There is much more but I prefer the reader find it on his/her own. The story is fascinating and gripping. Not being of scientific mind at all, I felt I learned some things about radio transmissions during this period of history as well as learning something of what it is like to live without sight as Marie-Clare did from early childhood on.

I also reveled in the beauty of the prose. Some paragraphs almost felt like a prose poem as they were written in language that spoke to my heart.

I found a veil of overwhelming sadness throughout the story. How can a war story be anything else, I asked myself. Even the ending pages which take place long after the war ends did not leave me with joy or hopefulness. But this is not a reason to pass over this novel. 

Read it for the fascinating story. Read it for the beautiful prose. Read it for a painless history lesson. 

Thursday, June 25, 2015

Writing Beautiful Prose



I love flowers and I also love beautifully written prose. If it becomes too flowery, then I feel embarrassed for the writer. There's a fine line between what is termed purple prose and that which grabs the reader with its beauty.

I am about halfway through Anthony Doerr's bestseller All The Light We Cannot See. He is a fine storyteller but he also writes prose that sometimes makes me stop and go back to reread a sentence. Last night, one that I especially liked was The sky drops silver threads of sleet.  What a beautiful way to convey the fact that sleet was falling. It's visual; it's almost poetic. There are many other instances of this type of writing in this WWII novel.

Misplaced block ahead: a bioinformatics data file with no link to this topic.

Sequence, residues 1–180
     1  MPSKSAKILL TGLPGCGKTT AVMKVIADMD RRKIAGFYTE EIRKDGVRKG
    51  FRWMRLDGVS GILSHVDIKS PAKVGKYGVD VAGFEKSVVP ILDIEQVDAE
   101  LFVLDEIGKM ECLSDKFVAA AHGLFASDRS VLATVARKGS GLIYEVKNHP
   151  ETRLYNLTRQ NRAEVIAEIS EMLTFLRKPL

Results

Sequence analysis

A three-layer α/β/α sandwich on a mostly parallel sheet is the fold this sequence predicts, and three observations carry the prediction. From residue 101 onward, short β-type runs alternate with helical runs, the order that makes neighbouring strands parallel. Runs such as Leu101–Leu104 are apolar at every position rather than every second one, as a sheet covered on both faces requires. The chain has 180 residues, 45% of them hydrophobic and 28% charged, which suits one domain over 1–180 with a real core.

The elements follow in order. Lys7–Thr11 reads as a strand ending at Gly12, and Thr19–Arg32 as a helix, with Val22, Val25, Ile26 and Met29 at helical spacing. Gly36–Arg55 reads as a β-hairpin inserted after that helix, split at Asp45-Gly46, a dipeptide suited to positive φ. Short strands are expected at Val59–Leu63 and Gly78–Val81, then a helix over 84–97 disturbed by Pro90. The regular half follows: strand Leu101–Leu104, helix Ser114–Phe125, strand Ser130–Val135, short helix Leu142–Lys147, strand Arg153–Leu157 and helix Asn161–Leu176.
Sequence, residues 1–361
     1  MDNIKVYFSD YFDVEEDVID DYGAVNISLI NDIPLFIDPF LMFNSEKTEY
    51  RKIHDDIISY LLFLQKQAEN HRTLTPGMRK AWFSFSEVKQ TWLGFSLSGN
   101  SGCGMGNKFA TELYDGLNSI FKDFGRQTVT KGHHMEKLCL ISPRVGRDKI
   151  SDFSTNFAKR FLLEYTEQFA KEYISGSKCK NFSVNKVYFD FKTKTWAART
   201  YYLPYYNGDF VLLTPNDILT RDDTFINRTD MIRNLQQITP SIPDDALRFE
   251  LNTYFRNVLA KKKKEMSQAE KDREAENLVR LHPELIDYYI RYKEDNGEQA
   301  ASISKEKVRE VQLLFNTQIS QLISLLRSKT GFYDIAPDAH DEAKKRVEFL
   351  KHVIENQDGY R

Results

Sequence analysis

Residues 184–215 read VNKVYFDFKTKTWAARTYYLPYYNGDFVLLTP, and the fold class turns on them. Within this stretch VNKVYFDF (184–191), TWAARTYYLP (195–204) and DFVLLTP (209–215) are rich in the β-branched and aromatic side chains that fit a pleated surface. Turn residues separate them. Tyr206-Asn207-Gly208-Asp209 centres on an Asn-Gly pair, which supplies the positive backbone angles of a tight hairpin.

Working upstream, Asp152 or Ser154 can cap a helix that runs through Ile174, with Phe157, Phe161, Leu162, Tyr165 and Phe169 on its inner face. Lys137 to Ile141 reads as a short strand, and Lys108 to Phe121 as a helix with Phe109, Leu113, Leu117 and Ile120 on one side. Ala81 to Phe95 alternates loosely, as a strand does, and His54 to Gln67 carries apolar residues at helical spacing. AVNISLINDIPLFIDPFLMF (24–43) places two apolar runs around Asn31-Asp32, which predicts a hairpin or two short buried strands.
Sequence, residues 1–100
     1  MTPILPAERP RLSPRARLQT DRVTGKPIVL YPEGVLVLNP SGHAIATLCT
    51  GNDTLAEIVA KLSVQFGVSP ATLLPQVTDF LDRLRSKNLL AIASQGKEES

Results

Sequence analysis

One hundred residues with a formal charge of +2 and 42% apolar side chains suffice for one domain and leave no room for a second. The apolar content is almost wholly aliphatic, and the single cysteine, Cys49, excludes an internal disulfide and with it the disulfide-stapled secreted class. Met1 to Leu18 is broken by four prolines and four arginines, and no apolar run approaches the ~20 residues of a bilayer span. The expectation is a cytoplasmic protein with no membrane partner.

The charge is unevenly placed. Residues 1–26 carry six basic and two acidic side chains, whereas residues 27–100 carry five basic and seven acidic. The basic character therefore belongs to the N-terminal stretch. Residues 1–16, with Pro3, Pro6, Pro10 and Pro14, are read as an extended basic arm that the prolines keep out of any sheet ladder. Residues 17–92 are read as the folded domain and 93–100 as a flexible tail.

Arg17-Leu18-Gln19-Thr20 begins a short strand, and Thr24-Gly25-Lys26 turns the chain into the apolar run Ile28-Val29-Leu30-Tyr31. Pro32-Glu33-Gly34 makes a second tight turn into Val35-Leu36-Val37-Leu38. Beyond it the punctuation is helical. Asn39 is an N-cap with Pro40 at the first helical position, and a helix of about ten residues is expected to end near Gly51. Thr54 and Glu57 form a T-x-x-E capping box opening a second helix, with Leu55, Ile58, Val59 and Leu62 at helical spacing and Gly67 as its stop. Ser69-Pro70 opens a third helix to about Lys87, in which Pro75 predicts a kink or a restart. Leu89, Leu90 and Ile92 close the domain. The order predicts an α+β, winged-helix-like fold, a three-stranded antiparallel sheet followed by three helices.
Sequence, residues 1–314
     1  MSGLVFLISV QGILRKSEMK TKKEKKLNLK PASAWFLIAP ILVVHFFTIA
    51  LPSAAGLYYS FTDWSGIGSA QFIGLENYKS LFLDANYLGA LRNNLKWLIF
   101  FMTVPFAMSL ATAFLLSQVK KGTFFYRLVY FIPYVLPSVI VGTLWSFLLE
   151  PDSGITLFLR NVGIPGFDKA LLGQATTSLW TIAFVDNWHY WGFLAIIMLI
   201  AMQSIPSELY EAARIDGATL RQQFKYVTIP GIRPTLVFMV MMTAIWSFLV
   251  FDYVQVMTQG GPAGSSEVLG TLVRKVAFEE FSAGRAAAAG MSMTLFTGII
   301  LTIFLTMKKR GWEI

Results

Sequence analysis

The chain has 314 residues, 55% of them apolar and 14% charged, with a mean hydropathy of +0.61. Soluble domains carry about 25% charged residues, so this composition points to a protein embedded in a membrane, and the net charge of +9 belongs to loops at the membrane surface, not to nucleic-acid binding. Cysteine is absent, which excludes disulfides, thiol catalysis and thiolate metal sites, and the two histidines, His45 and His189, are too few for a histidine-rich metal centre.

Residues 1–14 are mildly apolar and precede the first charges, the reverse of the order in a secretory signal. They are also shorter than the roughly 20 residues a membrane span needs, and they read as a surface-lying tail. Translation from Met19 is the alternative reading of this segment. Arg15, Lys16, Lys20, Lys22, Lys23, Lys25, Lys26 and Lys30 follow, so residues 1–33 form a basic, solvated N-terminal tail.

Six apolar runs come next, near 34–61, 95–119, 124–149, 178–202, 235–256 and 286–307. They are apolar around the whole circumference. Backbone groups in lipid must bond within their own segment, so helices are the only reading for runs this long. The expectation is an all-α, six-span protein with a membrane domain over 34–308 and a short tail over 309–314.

Angeline Lajeunesse, a romance writer, said this about writing prose:
"Metaphors, simile, symbolism, imagery, description…all great tools.  Ugly prose happen when someone pastes adjectives, adverbs and long words they don’t understand into sentences trying to sound verbose and writerly."

She draws a definite distinction between good prose and that which is not. Let's go back to the term purple prose. We define it as being prose that is so ornate that it interferes with the flow of the narrative, bringing attention only to itself. As much as we want to write memorable prose, we don't want the words to take the reader away from the story.

Angeline Lajeunesse stated that tossing in adjectives, adverbs and long words doesn't accomplish much. To me, it shows that the writer still has much to learn. When a writer uses two or three adjectives per noun, we tire easily when reading the story. Throwing adjectives and adverbs into the air and letting them rain onto your story is a sure way to label yourself a newbie.

Let's take a look at the sentence that attracted me when I was reading last night. The sky drops silver threads of sleet. Note the action verb, the use of one adjective and the small bit of alliteration with silver and sleet. It's a simple sentence but beautiful, so much better than saying It was sleeting.

The story you write is of prime importance but the way you use words can make a good story a great one. Is this, perhaps, one of the reasons Mr. Doerr's novel is a bestseller?

For some writers, writing beautiful prose comes naturally. Others must acquire the ability to write memorable prose. When revising and editing your work, look at your sentences and ask yourself if there is a better way to get the idea of the sentence across. Are there words that bring a better image to the reader? But be careful. You don't want to be accused of purple prose.












Wednesday, June 24, 2015